Published January 14, 2015
Researchers have discovered human antibodies that neutralize not only H5N1 bird flu but other strains of influenza as well and say they hope to develop them into lifesaving treatments.
The antibodies — immune system proteins that attach to invaders such as viruses — also might be used to protect front-line workers and others at high risk in case a pandemic of flu broke out, the researchers said.
In tests on mice the viruses neutralized several types of influenza A viruses, including the H5N1 avian influenza virus, the researchers reported in Sunday's issue of the journal Nature Structural & Molecular Biology.
"We were surprised and actually delighted to find that these antibodies neutralized a majority of other influenza viruses, including the regular seasonal (H1N1 strain of) flu," Robert Liddington of the Burnham Institute for Medical Research in La Jolla, California, told reporters in a telephone briefing.
The researchers found the antibodies in a "library" of such immune system proteins generated from 57 volunteers at the Dana-Farber Cancer Institute affiliated with Harvard Medical School in Boston. They said it is not clear how common they are in the general population.
Influenza is especially difficult to fight because it cloaks itself in lollipop-shaped proteins called hemagglutinin and neuraminidase, which mutate regularly and give influenza A strains the "H" and "N" designations in their names.
Vaccines target hemagglutinin, while drugs called neuraminidase inhibitors, including Roche AG's Tamiflu and GlaxoSmithKline's Relenza, attack neuraminidase.
Because of the mutations, vaccines have to be reformulated every year and the viruses can develop resistance to the neuraminidase inhibitors, as they have to older antivirals.
GUMMING UP THE WORKS
The new antibodies attach to a less mutation-prone part of the virus, on the "stick" part of the lollipop, the researchers said. It appears to be similar across various strains.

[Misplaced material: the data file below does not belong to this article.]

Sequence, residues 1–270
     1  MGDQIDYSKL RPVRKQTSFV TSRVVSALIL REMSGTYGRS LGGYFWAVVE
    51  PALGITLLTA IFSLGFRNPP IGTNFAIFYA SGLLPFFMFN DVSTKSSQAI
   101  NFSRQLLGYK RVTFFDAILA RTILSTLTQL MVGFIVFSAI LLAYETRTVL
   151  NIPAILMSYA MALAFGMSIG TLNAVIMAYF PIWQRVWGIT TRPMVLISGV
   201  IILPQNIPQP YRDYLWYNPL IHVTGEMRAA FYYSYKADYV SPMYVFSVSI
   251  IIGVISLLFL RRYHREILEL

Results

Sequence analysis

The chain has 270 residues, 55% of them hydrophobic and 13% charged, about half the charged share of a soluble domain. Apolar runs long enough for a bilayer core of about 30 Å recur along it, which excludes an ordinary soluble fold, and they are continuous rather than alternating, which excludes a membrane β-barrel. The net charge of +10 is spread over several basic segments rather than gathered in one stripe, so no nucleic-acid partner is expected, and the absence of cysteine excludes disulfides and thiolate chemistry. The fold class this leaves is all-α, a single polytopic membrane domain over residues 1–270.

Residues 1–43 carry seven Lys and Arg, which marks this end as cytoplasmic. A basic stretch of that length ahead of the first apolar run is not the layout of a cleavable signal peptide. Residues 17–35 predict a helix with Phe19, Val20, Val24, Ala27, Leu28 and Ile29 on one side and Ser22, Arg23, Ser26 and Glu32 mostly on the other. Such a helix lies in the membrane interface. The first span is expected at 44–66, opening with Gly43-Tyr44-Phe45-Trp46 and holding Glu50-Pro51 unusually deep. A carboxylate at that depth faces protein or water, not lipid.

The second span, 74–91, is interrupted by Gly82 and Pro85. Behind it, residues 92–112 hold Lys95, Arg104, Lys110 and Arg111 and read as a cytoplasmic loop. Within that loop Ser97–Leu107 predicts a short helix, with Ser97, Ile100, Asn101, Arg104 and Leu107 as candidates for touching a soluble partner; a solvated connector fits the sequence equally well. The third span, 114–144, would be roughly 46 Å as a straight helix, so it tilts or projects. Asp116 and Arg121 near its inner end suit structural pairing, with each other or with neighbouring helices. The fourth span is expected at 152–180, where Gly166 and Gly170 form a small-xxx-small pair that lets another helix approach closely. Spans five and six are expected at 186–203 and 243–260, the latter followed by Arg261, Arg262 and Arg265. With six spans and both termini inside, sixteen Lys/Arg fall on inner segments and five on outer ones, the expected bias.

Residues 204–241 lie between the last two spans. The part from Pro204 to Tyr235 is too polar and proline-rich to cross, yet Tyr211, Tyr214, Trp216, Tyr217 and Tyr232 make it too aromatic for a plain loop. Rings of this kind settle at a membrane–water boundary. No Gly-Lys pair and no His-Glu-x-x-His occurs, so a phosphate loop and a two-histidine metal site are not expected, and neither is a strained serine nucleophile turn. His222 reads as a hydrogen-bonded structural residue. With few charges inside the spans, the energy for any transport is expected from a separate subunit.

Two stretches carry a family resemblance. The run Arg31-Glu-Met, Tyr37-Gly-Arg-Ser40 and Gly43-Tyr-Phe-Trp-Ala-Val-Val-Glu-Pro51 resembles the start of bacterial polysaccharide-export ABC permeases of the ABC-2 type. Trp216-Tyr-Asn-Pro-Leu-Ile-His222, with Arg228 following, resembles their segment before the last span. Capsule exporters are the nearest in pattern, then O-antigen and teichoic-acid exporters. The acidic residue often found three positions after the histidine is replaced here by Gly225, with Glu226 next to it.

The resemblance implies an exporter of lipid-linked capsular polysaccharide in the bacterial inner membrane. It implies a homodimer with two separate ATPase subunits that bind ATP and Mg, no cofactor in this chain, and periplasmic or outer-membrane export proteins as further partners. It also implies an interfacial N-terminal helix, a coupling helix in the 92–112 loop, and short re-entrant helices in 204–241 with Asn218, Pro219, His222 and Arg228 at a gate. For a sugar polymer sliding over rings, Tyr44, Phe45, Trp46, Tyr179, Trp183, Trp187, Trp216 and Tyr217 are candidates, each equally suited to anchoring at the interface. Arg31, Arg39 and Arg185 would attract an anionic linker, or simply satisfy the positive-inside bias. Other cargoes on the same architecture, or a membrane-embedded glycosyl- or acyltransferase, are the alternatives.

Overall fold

"It forms part of a complex molecular machinery with many moving parts," Liddington said. "All the parts must work perfectly together if the virus is to enter the cell and establish an infection."
The antibodies gum up the works, the researchers found by making atomic images of the antibodies attacking the virus. They hope to use this knowledge to engineer or find other monocolonal antibodies that can neutralize the six strains of flu not affected by this latest discovery — including the H3N2 strain of seasonal flu now circulating.
Dr. Ruben Donis of the U.S. Centers for Disease Control and Prevention said the antibodies, called monoclonal antibodies because they attack one specific target only, protected mice from what should have been a lethal target of H5N1 avian flu virus — even up to three days later after infection.
"When we tried to select viruses that were resistant to the activity of these antibodies, we failed," Donis told the briefing. "We could not get the virus to mutate and escape."
Dr. Wayne Marasco of Dana-Farber said it should be straightforward to develop the antibodies as drugs, because they are already used broadly in cancer therapy.
A single injection protects for three weeks. "It provides durable immunity," Marasco said.
Cancer monoclonal antibodies can cost tens of thousands of dollars a year but Marasco said companies have learned how to make them more cheaply recently. The National Institutes of Health, which funded the study, has patented the work and will seek a drug company to help make and test the antibodies.